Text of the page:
Tell Me How It Ends: An Essay in Forty Questions by Valeria Luiselli

The process by which a child is asked questions during the intake interview is called screening, a term that is as cynical as it is appropriate: the child a reel of footage, the translator-interpreter an obsolete apparatus used to channel that footage, the legal system a screen, itself too worn out, too filthy and tattered to allow any clarity, any attention to detail. Stories often become generalized, distorted, appear out of focus.
— Valeria Luiselli, Tell Me How It Ends

This book is one of those must reads. If I had a required reading list, this would be near the top. What's especially great is no one can have any excuses - in 100 short pages, Valeria Luiselli tells you everything you need to know about the completely insane conditions orphan refugees have to face when the enter the United States via Mexico from Central American countries like El Salvador, Honduras and Guatemala. Tell Me How it Ends: An Essay in Forty Questions personally investigates, through Luiselli's time working as a translator for these cases in New York, the circumstances of so many children and teenagers as the enter into the U.S. legal system after presenting themselves to border control.

Tens of thousands of teenagers cross through Mexico to the U.S. in recent years, escaping gangs and violence to reach safety, either alone or with family members who have already immigrated. They travel with coyotes and jump onto La Bestia - the cargo trains that go from Central America to the U.S., often facing rape, abductions and other risks along the way. Once across the border, they give themselves up to border control, being placed in the 'icebox', or holding zone, until a guardian can be contacted. 

In varying degrees, some papers and webpages announce the arrival of undocumented children like a biblical plague. Beware the locusts!... We wonder if the reactions would be different were all these children of a lighter color: of better, purer breeds and nationalities. Would they be treated more like people? More like children?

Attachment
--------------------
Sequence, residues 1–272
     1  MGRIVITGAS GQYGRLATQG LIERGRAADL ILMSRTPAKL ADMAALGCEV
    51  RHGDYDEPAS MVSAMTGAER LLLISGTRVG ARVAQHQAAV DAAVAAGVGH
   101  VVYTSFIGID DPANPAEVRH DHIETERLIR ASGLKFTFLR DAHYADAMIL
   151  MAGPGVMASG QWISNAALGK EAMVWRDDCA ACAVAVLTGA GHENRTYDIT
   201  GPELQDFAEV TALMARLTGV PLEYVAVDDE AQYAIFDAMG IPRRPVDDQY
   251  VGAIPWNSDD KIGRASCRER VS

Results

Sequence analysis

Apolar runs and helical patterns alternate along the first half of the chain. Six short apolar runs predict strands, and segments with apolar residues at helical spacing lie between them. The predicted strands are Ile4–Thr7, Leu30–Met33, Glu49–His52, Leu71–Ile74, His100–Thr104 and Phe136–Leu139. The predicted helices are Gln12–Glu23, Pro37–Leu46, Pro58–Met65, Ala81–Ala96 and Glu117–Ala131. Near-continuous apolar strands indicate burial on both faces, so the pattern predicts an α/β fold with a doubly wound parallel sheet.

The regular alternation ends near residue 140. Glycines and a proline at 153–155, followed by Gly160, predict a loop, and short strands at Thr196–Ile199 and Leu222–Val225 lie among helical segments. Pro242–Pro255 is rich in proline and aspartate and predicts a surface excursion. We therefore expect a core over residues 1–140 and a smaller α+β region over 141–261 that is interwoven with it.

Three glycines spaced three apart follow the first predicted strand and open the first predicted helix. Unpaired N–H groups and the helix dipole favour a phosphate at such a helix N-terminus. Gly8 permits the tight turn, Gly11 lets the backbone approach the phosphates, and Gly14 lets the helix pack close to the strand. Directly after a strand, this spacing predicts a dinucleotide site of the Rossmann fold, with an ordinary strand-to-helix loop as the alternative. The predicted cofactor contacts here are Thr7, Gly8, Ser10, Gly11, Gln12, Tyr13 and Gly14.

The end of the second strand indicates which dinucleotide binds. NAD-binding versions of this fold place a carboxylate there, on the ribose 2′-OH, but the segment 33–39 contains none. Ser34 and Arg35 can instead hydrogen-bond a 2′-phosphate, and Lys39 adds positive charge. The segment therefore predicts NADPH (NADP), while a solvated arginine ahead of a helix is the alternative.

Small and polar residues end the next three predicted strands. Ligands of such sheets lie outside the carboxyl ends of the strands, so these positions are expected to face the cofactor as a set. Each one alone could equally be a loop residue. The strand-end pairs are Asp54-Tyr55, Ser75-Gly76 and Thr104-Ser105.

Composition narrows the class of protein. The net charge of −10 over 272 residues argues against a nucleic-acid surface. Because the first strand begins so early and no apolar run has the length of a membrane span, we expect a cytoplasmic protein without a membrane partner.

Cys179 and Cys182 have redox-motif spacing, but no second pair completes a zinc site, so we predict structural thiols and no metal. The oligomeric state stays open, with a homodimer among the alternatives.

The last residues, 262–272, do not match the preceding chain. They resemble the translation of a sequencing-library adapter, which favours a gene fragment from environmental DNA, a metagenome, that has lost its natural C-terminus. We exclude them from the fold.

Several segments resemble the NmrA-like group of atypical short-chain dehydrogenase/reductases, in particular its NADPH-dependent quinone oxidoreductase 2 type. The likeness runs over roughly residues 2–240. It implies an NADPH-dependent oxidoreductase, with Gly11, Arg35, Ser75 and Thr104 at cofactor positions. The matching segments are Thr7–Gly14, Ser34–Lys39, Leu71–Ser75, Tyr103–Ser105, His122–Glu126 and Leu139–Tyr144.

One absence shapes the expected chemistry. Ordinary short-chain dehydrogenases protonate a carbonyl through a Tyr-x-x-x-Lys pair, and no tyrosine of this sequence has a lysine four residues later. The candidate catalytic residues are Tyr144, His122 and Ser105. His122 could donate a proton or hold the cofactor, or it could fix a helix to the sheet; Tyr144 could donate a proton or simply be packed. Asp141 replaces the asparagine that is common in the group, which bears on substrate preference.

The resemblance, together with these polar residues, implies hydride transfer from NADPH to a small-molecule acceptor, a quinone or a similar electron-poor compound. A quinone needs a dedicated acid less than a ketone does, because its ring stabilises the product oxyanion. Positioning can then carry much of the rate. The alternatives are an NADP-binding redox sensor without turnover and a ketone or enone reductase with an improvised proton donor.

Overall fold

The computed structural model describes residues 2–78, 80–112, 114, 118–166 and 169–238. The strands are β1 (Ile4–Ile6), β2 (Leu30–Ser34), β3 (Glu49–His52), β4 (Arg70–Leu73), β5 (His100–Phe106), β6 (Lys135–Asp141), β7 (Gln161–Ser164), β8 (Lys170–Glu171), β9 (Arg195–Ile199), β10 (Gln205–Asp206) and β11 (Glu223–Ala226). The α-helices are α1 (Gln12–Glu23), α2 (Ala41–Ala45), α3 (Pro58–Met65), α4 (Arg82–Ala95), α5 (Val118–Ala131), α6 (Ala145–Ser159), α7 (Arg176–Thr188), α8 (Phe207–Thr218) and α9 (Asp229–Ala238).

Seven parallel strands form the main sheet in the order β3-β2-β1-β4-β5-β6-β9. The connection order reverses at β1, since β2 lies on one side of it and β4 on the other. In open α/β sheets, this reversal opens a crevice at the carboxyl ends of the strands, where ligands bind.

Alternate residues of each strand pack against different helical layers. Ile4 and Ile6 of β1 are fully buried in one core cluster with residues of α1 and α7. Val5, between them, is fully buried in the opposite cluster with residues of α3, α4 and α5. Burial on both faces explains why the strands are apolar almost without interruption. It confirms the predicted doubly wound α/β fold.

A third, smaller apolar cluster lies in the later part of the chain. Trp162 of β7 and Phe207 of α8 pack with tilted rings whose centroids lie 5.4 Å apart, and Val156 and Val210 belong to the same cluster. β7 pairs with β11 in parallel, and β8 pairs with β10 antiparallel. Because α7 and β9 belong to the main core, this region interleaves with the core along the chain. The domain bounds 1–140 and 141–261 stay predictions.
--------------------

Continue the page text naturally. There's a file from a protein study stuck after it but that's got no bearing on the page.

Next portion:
— Valeria Luiselli, Tell Me How It Ends

By law, these children are able to have a trial to claim asylum or refuge but, unlike Americans, they are not guaranteed a lawyer. If they are lucky, the can find someone willing to take their case pro bono. This is where the questionnaire kicks in - 40 questions and responses that are translated from Spanish into English to help the lawyer build a solid enough case to gain that child protection and a right to remain in the U.S. 

For children of that age, telling a story - in a second language, translated to a third - a round and convincing story that successfully inserts them into legal proceedings working up to their defense, is practically impossible.
— Valeria Luiselli, Tell Me How It Ends

Luiselli, as a volunteer translator in 2015 and 2016, writes about her experience hearing so many of these children's stories, and the research she does around them. A critically important point - she reminds Americans of our contribution to the circumstances from which these children flee. In the 1980s in Los Angeles, gangs sprang up like MS-13 and Barrio 18. Many members were deported back to their home countries in Central America and, according to Luiselli, these gangs thus 'metastasized', growing across nations. The violence these children are fleeing began in the U.S.

No one suggests that the causes are deeply embedded in our shared hemispheric history and are therefore not some distant problem in a foreign country no one can locate on a map, but in fact a transnational problem that includes the United States - not as a distant observer or passive victim that must now deal with thousands of unwanted children arriving at the southern border, but rather as an active historical participant in the circumstances that generated the problem.
— Valeria Luiselli, Tell Me How It Ends

Unfortunately, for the children who do make the journey to arrive in the U.S., this means that they may also face the same violence here. One phrase that captures this tragic irony is 'de guatemala de guatapeor', or from guate-bad to guata-worse. America, land of the free, is so flawed, the backlash spread so far we don't even know it as ours when it comes back toward us. Luiselli's book is a reminder of our ownership, and a look in the mirror revealing our own ugly terrain.